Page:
This is the title of a seminar I will be offering next week at Saybrook’s Residential Conference to launch the spring semester. I’m excited to be offering it in collaboration with my dear friend and colleague Nora Bateson who has produced a profound film about her father — the anthropologist and systems theorist Gregory Bateson. Gregory was a faculty member at Saybrook in the 70s and his work and legacy has been part of Saybrook’s educational fabric since then.
“What is the pattern that connects the crab to the lobster and the primrose to the orchid, and all of them to me, and me to you?” asked Gregory Bateson. This is one of the most beautiful statements of relational knowing. In my inquiry about systems thinking and systems being, I have discovered that relational knowing is a way of connecting my mind with other minds, my emotions to meaning making, and my interactions with other human beings as an intrinsic aspect to learning.
One dimension that Nora and I will be exploring is how we are bringing to life our understanding of “the pattern that connects” as her father called it, and in which ways our experiences and perspectives as women inform our work within and beyond the systems and cybernetics scientific communities. It is our sense that we live at a time in which the notion of “an ecology of mind” is relevant not only in academic pursuits but also as a way for people to create a meaningful and purposeful life through relational knowledge and storytelling that connects, embodies and brings meaning to our fragmented world.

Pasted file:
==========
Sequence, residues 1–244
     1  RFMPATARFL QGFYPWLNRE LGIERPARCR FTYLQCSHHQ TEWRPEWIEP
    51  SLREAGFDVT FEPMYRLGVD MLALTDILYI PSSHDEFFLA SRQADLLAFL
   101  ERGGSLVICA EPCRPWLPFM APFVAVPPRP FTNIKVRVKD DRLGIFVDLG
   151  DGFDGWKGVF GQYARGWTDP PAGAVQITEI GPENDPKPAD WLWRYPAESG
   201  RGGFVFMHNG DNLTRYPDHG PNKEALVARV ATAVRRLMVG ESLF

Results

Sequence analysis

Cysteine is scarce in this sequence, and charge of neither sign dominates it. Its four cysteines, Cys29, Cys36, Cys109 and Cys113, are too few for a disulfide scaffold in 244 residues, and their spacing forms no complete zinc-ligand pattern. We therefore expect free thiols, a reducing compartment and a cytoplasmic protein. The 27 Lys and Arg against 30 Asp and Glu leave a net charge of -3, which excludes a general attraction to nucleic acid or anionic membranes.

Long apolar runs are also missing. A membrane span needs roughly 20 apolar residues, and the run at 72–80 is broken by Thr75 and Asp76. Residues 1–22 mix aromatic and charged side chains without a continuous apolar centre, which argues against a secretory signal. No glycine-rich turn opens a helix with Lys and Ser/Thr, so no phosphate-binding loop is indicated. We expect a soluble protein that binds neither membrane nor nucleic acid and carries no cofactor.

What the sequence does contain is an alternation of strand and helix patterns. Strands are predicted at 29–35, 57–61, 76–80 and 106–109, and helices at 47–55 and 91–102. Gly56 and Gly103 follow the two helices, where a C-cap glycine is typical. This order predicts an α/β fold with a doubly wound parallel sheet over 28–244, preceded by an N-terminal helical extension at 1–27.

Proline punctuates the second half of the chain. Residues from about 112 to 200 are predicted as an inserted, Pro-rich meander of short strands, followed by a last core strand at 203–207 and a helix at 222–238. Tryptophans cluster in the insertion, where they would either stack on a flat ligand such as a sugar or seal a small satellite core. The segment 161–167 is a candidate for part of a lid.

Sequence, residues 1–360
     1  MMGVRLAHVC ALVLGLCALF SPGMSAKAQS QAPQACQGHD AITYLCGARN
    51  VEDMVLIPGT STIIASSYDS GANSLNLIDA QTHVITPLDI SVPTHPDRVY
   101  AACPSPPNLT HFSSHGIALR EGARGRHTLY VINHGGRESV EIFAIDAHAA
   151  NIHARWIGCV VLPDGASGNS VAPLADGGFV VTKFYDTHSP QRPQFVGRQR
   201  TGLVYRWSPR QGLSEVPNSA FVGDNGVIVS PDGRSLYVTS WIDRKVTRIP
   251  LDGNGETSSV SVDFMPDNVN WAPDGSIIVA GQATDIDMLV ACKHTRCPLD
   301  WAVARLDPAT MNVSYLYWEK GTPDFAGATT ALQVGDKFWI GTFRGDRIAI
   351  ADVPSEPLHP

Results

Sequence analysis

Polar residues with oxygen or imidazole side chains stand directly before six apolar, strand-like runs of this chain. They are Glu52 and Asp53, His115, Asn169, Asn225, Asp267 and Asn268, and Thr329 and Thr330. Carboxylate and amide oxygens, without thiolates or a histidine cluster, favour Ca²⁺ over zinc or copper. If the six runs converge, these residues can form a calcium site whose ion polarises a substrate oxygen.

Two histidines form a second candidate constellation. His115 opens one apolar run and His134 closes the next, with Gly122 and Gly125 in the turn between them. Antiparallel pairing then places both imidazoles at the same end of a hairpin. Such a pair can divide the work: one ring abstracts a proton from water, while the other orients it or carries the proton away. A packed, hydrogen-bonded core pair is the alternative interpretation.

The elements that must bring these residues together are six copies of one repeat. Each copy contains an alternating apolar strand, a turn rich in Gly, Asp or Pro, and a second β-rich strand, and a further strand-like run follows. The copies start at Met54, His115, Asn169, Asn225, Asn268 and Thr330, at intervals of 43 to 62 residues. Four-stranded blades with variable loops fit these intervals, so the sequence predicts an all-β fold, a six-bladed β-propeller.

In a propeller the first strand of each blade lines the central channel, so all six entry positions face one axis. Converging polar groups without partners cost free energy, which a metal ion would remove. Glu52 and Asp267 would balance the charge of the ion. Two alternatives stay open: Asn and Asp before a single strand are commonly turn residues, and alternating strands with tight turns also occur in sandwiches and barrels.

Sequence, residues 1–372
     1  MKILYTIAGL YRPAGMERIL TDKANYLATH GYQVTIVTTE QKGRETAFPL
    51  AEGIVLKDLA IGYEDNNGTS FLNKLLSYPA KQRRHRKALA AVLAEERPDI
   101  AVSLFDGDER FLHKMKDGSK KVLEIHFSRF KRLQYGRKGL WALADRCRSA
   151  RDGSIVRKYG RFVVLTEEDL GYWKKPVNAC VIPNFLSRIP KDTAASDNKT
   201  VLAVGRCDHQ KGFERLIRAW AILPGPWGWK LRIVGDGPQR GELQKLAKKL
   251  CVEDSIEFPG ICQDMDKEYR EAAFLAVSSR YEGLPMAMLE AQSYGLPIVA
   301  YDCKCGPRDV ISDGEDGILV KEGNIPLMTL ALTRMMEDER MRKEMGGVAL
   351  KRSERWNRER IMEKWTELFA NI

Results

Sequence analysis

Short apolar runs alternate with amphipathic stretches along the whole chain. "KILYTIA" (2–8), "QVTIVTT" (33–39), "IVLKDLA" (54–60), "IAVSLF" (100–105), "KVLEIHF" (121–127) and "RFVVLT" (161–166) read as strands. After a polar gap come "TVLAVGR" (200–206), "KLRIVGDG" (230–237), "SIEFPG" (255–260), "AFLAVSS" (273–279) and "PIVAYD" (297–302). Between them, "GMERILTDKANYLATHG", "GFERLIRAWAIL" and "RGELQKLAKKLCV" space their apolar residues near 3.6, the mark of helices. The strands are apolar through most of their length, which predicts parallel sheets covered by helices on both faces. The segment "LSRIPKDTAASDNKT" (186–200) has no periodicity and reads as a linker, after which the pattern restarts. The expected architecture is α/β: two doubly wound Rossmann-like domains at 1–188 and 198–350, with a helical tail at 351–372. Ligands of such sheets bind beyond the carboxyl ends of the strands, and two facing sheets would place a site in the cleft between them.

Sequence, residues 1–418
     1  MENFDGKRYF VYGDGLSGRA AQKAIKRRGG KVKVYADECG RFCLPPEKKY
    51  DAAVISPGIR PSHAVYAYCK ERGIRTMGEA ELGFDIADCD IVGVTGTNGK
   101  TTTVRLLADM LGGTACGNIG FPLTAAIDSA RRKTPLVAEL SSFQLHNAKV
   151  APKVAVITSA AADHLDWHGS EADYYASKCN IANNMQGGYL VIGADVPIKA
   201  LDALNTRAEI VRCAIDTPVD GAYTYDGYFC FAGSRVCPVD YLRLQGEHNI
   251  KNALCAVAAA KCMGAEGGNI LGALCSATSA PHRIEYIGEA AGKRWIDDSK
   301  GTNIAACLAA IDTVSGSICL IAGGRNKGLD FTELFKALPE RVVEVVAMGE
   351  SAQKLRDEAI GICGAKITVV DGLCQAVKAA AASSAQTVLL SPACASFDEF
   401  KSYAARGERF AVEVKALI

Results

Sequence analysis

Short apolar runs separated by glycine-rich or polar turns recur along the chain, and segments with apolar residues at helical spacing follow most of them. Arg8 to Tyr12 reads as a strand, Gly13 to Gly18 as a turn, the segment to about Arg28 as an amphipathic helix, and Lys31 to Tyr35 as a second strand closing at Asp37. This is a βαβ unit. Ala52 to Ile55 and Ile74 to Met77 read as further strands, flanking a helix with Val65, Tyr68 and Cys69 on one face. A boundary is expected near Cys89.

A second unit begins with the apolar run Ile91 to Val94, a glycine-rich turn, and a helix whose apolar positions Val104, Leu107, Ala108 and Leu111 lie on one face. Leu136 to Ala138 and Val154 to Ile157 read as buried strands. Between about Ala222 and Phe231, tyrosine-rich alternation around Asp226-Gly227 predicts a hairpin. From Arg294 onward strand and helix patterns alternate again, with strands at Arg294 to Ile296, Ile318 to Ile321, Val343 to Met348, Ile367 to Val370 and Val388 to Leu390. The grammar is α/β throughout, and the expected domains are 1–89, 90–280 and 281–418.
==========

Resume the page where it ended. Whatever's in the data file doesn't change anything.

Some of the pearls of wisdom that I have gathered from my interpretation and assimilation of Gregory Bateson’s work are: